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American Indian
Land Cessions
in Georgia
About North Georgia

Since the first Creek(Yamacraw) cession by Mico Tomochichi to James Oglethorpe in 1733, land had been a major concern of the settlers. Cessions by both Creek Indians and Cherokee Indians did nothing to quench the insatiable thirst for land that the Georgians had.

Indian land cessions prior to 1800

1763 The Treaty of Augusta used trails and rivers to create the first defined line between the Creeks and the colony of Georgia.

1773 Creek and Cherokee debts to Georgians were assumed by the state in payment for the land. This included a small portion of North Georgia.

1782-1783 Land to the south and west of the Tugaloo and Savannah Rivers were ceded by the Cherokee and Creek. Both had laid claim to ownership.

1790 Alexander McGillivray, a mixed race Upper Creek ceded land from the Altamaha to the Oconee in The Treaty of New York, signed by President George Washington.

When the United States took the western claims from Georgia in 1802 Yazoo Land Fraud, the federal government promised to remove the Indians from Georgia soil. That year, and again in 1804, the federal government secured cessions of land for the state. Georgia changed the headright system to one it deemed fairer, where any white man with $4.00 could enter a lottery for land stolen from Native Americans.


Andrew Jackson
During the Creek War, General Andrew Jackson routed the Red Sticks, a violent faction of Creeks who had been agitated by Tecumseh, a Shawnee who came from rousing the Seminoles in Florida. As a result the entire Creek tribe was forced to cede the southern third of present day Georgia to the state to prevent further contact with the Seminoles. This was the single largest cession of land to the state, and the beginning of the end of the Creek in Georgia. The Creek ceded additional land in 1818 and 1821. The Cherokee ceded small portions of land in 1817 and 1819.

Both political parties in Georgia favored Indian removal, but when George Troup became governor in 1823 he aggressively moved to resolve the situation. The Creek Nation, first to be removed, were a loose confederation of tribes with various histories and customs. A small faction of the Lower Creek headed by William McIntosh, the son of a Scottish trader and a Creek woman, negotiated with the state although he did not represent the entire tribe. First cousin to Governor Troup, he gave all remaining Creek land in Georgia to the state in the Treaty of Indian Springs in 1825. After ratification by the federal government, Troup moved to swiftly survey and distribute the land. Realizing they were in danger of losing the last of the Georgia land, the Creek murdered McIntosh. John Quincy Adams, the new President, did not consider the Treaty of Indian Springs valid and pressured Troup to stop moving on the Indian Territory.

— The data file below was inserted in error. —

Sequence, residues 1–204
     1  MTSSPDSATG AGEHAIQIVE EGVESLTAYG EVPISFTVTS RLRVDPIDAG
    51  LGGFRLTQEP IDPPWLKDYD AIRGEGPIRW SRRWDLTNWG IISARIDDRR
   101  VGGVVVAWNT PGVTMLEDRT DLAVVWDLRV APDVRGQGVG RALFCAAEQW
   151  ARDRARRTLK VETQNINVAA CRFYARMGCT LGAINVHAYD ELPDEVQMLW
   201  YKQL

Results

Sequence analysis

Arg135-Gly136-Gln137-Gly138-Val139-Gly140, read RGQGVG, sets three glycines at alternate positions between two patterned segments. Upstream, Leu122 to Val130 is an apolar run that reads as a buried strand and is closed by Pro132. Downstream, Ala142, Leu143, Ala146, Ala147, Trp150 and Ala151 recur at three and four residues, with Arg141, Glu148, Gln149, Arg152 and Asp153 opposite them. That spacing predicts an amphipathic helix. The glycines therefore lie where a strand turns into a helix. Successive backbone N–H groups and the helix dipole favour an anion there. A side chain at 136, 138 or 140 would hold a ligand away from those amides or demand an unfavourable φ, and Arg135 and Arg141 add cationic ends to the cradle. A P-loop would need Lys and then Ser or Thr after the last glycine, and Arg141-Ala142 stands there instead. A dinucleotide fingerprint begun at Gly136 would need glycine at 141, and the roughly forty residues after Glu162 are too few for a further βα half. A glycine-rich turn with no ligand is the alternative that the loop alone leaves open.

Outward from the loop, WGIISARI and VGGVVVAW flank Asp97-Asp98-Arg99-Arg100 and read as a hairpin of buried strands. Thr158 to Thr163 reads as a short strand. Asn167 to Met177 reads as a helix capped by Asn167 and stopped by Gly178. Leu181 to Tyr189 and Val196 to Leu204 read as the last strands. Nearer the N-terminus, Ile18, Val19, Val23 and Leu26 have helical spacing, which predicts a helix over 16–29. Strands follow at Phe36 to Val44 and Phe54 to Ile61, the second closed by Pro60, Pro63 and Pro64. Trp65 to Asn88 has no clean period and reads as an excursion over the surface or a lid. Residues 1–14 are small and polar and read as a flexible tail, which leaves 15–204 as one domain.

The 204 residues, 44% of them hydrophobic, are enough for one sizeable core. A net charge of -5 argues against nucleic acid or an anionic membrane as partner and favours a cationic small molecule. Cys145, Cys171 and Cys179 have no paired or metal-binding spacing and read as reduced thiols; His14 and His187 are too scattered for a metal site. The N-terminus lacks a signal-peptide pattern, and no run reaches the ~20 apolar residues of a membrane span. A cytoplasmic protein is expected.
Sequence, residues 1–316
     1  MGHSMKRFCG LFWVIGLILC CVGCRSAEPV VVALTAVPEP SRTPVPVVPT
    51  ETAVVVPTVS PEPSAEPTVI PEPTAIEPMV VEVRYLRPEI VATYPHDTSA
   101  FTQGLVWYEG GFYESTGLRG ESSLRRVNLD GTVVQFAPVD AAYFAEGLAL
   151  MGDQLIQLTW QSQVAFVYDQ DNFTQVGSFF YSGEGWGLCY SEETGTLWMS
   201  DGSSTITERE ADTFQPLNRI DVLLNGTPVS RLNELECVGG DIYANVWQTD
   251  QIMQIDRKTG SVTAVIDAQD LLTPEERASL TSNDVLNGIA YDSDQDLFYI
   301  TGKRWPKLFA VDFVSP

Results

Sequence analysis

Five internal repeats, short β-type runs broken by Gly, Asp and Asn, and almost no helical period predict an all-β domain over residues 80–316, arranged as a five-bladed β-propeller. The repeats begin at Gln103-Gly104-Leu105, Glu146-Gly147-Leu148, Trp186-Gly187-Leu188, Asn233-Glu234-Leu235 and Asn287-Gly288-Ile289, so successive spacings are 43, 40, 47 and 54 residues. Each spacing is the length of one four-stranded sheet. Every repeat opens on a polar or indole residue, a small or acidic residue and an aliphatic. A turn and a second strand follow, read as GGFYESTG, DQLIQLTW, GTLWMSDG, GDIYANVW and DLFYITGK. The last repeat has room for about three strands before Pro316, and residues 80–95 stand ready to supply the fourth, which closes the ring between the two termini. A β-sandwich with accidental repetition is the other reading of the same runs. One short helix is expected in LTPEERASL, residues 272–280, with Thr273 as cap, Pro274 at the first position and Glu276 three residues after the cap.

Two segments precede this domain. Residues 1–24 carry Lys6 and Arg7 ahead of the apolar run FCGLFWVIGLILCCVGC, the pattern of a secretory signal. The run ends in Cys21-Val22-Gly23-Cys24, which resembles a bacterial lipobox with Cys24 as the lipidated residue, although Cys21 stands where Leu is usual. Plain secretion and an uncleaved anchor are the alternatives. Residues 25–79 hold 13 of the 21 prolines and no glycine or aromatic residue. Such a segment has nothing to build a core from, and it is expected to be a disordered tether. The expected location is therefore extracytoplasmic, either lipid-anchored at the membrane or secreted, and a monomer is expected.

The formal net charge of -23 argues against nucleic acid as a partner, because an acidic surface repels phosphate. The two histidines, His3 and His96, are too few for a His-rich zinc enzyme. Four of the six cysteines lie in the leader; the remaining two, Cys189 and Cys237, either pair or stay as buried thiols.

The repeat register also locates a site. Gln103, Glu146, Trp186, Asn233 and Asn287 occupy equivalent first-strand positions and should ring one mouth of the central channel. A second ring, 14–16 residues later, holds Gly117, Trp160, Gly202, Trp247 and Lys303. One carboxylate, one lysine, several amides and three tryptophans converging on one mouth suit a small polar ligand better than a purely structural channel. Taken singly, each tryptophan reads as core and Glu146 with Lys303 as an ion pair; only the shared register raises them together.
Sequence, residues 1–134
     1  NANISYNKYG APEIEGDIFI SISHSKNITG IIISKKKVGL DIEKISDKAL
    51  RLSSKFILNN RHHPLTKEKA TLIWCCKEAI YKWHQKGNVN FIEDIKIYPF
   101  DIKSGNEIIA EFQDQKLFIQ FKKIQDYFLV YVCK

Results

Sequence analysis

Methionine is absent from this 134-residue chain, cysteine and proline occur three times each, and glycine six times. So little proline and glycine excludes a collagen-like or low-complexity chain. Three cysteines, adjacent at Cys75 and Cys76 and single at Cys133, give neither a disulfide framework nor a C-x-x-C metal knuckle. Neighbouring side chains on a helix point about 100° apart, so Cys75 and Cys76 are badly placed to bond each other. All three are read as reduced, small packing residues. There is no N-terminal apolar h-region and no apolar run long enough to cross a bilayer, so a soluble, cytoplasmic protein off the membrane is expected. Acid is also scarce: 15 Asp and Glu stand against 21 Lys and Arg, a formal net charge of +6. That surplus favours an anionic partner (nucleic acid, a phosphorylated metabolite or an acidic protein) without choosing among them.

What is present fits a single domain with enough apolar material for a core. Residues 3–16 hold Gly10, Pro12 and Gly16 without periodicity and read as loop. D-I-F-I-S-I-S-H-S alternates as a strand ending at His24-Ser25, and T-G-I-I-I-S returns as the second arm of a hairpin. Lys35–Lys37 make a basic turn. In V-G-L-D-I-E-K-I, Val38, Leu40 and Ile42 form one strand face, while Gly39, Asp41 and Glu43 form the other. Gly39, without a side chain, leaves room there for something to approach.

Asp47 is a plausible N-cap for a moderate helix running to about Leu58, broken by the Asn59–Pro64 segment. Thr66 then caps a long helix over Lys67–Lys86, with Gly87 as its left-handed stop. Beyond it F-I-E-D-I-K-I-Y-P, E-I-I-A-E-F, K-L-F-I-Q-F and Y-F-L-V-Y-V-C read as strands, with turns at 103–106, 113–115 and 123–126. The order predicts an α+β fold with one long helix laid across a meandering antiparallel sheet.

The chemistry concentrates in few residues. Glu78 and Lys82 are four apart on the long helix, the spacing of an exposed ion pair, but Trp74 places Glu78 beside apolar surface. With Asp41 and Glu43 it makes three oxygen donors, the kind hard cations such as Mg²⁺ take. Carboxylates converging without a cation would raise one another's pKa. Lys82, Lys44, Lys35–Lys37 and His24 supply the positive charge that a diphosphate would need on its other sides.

Emboldened by his victory in the 1825 election, Troup reaffirmed his belief that the Treaty of Indian Springs was valid. President Adams quickly negotiated the Treaty of Washington in January, 1826. This treaty left a small piece of land on the Georgia-Alabama border in Creek hands. Not pleased with the new treaty, Troup ordered the land surveyed for a lottery, including the piece that was to remain in Creek hands. Since the federal government had no real love for Native Americans they allowed Troup to quickly renegotiate the treaty and take all Creek lands in the state. By 1827 the Creek were gone.

The last piece of land controlled by the Cherokee was North Georgia and northern Alabama along with pieces of Tennessee and North Carolina. In 1828 the state of Georgia attempted to bring the Cherokee Nation under Georgia law. The conviction and execution of a Cherokee named George Tassel by the state for the murder of a Cherokee on tribal land in 1830 resulted in an appeal to the Supreme Court of the United States in 1831. In Cherokee Nation v. Georgia Chief Justice John Marshall denied the right of the Cherokee to bring a suit against the state. However, a year later, in a more properly formulated case, Worcester vs. Georgia, the court ruled that the laws of Georgia were invalid in Cherokee land.

The ruling was unenforced by the executive branch. Georgia proceeded with the land lottery of 1832 and gave Cherokee land to settlers who began to move in. Despondent and divided the Cherokee Nation broke into two factions, for or against removal. Chief John Ross led the larger group against removal. Chief Major Ridge, his son John Ridge, and Elias Boudinot, the first publisher of the Cherokee Phoenix, led the smaller group supporting removal. In 1835 Major Ridge and his faction signed a treaty with the U.S. government agreeing to removal in exchange for 5 million dollars. Both the federal and state government were fully aware that Ridge did not represent the majority of the tribe, but they validated the treaty anyway. The three prominent signers of The Treaty of New Echota were murdered by their tribe, just as William McIntosh had been by the Creek.

The quest for land was over. The insatiable thirst that drove Georgia now was quenched.


Cherokee Indians
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